But on the contrary, looking up what the aggregate professional analysts have said is also part of "doing your homework"

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In fact markets are not efficient and participants are not rational. That is why we have booms and busts in markets. Emotions and psychology play a role when investors and/or traders make decisions, sometimes causing them to behave in unpredictable or irrational ways. That is why stocks can be undervalued or overvalued compared to their true value.

Also, different market participants may put a different true value on a stock (depending on their methods of analysis and the information they use to base their analysis on). This is why there are always many opportunities to profit (or lose your money) in liquid markets.

Doing your research, homework, or analysis can be related to fundamental analysis, technical analysis, or a combination of the two. For example, you could use fundamental analysis to determine what to buy and then use technical analysis to determine when to buy.

To me, doing your homework means to get yourself educated, to have a plan, to do your analysis (both FA and TA), to invest or trade according to your plan and to have a risk management strategy in place.

Most people are too lazy to do their homework so will pay someone else to do it for them or they will just speculate (on the latest hot tip) and lose most of their money.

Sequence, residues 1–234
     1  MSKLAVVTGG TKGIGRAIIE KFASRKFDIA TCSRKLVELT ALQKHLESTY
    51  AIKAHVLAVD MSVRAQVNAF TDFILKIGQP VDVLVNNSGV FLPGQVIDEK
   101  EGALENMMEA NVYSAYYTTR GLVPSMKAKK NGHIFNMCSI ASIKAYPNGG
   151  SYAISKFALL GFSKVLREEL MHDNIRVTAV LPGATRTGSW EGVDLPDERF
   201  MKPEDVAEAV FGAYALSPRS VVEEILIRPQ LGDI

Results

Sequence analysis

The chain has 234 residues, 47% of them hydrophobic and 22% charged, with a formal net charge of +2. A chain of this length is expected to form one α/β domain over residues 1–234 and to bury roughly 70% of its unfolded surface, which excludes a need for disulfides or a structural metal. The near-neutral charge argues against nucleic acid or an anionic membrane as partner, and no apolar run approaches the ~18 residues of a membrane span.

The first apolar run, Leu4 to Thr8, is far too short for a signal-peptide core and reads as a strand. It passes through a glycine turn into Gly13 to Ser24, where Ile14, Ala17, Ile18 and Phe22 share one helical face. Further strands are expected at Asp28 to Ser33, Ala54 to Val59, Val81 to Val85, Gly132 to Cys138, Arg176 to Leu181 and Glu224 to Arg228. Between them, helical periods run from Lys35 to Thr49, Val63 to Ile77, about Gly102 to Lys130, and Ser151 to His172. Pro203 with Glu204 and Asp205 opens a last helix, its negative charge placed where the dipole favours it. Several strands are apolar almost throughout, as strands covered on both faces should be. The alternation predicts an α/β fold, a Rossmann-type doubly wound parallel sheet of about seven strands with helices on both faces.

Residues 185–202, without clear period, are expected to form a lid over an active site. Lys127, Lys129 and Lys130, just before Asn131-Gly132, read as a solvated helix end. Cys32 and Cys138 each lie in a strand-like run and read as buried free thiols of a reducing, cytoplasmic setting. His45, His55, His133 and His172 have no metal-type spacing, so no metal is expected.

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    Note how this is self-fulfilling. If your trade works, obviously you did your homework. If it fails, you should have studied the fancy charts harder and gained even more knowledge about the company. There's no end to it. – Lagerbaer May 7 '13 at 5:13
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    @Lagerbaer - no, in fact it is not self-fulfilling. I use FA to decide what to trade and TA to decide when to get into a trade, however I know that I may not be right on every trade, which is why I have a risk management strategy. If a trade goes against me my stop loss will automatically get me out for a small loss. Out of 13 trades since the start of the year I have had 6 wins, 3 break evens (1.2% gain or less) and 4 losses but I am up 24.8% in total. I keep my loses small and let my profits run. But most of all I know I cannot control the markets and I expect to get some trades wrong. – Victor May 7 '13 at 5:26
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    @Lagerbaer That's something that a lot of people fail to understand, so it might be a good idea to add it to your answer too. – John Bensin May 9 '13 at 21:57